Dish more Fish!


Did you know February is national heart month? Heart disease remains the leading cause of death for both women and men in the United States.

What's that got to do with fish?

Fish and seafood are a rich source of omega-3 fatty acids, which are associated with lower risk for heart disease, stroke, and chronic inflammation. The Dietary Guidelines for Americans recommends we eat seafood or fish for two meals per week (about 8 ounces) to get enough essential fatty acids EPA and DHA. Salmon, mackerel, herring, sardines, anchovies, trout, and certain types of tuna are among the varieties with the most omega-3 fatty acids.

Despite how important fish is to the diet, the vast majority of Americans (80-90%) do not meet this recommendation. This could be for a variety of reasons, including perception of seafood safety, cost, environmental concerns, as well as lack of knowledge of seafood preparation.

The good news is there is a lot of seafood that is safe to eat, particularly if you follow a few rules. This includes buying as local as possible and avoiding larger fish that has more mercury. Fish to AVOID due to higher mercury levels include: King mackerel, marlin, orange roughy, shark, swordfish, tilefish, ahi tuna, and bigeye tuna. This is particularly important for pregnant women to take note.

For more, check out this smart seafood buying guide from the NRDC as well as this handy seafood tool from the Environmental Defense Fund that allows you to compare types of fish by mercury levels, omega-3 levels, and environmental impact all in one.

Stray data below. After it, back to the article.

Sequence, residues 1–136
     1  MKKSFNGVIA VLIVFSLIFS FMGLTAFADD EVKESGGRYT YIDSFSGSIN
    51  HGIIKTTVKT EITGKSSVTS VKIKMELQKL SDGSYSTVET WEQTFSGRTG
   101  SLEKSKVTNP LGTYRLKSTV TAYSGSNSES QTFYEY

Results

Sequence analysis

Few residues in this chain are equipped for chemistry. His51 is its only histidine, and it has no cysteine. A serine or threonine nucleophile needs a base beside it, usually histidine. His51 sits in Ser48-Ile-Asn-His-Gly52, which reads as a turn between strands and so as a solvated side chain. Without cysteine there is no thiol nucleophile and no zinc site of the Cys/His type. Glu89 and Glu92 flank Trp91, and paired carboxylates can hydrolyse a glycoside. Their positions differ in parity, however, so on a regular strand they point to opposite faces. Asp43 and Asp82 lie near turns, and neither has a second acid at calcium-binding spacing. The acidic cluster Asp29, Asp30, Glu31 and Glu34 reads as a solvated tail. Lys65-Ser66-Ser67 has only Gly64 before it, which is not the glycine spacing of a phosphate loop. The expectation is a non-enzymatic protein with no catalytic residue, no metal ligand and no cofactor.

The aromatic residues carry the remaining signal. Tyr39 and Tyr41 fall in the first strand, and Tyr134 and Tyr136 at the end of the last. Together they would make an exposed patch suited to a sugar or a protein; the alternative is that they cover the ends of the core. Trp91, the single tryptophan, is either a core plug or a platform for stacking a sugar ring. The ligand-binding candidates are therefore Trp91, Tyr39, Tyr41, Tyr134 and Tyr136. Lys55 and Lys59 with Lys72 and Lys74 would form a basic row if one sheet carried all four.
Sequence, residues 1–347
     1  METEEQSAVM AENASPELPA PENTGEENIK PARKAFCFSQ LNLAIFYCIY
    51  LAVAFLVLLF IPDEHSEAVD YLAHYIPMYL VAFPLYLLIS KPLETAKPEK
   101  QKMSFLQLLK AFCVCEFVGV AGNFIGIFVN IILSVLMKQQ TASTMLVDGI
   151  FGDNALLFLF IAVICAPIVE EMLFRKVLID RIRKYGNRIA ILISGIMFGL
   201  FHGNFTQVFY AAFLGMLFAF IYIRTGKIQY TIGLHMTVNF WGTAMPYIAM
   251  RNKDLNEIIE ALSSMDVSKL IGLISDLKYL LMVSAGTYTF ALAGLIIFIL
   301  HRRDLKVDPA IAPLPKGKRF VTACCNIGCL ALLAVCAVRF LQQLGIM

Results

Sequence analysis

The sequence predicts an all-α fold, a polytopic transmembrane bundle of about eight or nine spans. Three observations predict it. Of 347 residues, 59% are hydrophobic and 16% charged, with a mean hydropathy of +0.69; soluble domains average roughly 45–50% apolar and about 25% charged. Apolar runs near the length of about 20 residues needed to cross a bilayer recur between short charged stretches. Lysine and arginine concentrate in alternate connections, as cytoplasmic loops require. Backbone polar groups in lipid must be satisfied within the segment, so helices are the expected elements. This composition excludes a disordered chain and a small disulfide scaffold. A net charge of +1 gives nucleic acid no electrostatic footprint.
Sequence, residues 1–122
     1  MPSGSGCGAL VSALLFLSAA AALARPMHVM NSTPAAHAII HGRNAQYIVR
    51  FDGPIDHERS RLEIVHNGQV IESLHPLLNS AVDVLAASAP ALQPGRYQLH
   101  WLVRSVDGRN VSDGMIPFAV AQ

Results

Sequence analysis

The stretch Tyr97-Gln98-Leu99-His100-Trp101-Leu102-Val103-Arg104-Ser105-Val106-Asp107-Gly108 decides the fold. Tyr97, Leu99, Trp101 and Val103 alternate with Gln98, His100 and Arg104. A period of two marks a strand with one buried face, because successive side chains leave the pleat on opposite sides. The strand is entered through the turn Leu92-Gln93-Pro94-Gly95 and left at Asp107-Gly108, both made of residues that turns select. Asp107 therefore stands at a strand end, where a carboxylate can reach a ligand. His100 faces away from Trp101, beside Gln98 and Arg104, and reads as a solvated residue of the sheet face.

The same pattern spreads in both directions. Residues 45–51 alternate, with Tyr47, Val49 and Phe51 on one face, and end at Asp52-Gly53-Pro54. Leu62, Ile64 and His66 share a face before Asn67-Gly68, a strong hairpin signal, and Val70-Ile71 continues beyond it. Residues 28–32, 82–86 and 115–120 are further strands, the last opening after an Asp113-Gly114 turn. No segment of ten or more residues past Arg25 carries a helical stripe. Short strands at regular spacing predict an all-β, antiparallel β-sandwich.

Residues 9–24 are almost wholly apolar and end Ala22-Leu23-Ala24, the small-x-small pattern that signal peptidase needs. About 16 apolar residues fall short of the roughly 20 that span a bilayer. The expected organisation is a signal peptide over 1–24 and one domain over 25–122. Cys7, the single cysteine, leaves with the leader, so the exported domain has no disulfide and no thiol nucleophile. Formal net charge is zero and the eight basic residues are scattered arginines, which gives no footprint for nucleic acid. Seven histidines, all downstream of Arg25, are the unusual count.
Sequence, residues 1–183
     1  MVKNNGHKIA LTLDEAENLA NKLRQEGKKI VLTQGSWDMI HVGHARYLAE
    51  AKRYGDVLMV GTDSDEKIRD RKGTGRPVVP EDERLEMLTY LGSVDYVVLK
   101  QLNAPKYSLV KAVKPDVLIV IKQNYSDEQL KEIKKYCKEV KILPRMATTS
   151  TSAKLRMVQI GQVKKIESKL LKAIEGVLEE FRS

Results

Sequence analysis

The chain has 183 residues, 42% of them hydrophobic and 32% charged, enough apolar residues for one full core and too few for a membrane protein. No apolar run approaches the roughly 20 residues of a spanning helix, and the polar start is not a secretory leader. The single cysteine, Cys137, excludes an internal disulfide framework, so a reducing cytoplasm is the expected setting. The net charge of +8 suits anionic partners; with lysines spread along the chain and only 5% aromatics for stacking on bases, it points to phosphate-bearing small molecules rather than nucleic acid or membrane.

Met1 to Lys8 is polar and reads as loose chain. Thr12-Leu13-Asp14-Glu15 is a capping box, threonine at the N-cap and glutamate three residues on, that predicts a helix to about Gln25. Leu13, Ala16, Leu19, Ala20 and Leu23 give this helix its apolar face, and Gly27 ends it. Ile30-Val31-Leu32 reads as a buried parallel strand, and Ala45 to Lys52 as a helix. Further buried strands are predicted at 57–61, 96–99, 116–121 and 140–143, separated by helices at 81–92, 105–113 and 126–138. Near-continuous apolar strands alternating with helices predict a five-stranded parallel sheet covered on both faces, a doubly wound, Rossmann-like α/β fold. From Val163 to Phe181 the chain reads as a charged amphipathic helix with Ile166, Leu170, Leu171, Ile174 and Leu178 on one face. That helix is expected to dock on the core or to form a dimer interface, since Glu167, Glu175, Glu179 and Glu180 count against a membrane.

So, if you know you want salmon for dinner but aren’t sure which one to get, click on salmon and it will show you that wild Alaskan and canned salmon scores highest on all three indicators.

Now that you know some basics of what types of seafood are safest and highest in omega-3's, let’s get to the fun part… how to cook them up!

If you are intimidated by preparing seafood, don’t be. It is one of the easiest and fastest types of proteins you can cook. You don’t have to marinate in advance, and the simplest seasoning is often the best! Many can be done in 15 minutes and under. Here are some of my favorite fast, easy, and delicious fish recipes:

  1. Roasted salmon glazed with Dijon mustard and brown sugar (3 ingredients!)

  2. Cod in foil packets with squash

  3. Basic roasted fish, any type

For more easy fish recipes, follow my pinterest page

What if I don’t like fish? Do I have to eat it in order to get these wonderful omega-3's?

Fish is the best source our bodies can get for the two types of omega-3's that are essential: EPA and DHA. Why? Because fish eat algae and efficiently (I should say effishently) convert ALA into the superstars EPA and DHA. Humans can also convert ALA into EPA and DHA, but unfortunately we are not very efficient.

Walnuts, flaxseeds, canola oil, soybean oil, and dark green vegetables all contain ALA and should be incorporated into the diet. But the amount of EPA and DHA we derive from these plant sources is unmatched to that of fish. (To put it in perspective, only about 2-10% of ALA gets converted into EPA and DHA).

Whatever your reasons, if you do not/ will not/ cannot eat fish, I would recommend eating plant foods high in ALA, eggs fortified with EPA/ DHA, and possibly take a fish oil supplement. Look for supplements with at least 250-500 mg of EPA & DHA per serving. Come back later for more information about omega-3 supplements for a future post!

Sources:

http://advances.nutrition.org/content/3/1/1.full

https://www.ars.usda.gov/news-events/news/research-news/2015/consumers-missing-out-on-health-benefits-of-seafood-consumption/

http://www.mayoclinic.org/drugs-supplements/omega-3-fatty-acids-fish-oil-alpha-linolenic-acid/dosing/hrb-20059372

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